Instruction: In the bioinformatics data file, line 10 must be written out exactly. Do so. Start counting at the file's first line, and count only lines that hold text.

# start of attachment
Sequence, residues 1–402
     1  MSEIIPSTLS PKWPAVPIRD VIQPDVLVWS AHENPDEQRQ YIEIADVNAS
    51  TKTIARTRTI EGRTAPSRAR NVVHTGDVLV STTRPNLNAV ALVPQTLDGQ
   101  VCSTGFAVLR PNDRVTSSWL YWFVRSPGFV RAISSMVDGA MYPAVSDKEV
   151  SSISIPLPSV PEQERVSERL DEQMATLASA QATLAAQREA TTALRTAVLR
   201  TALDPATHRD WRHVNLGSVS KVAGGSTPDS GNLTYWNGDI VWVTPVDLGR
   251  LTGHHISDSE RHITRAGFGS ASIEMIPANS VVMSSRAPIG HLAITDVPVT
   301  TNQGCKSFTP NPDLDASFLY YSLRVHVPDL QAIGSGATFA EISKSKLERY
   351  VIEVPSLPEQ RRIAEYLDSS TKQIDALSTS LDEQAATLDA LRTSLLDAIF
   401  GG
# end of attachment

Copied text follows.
   401  GG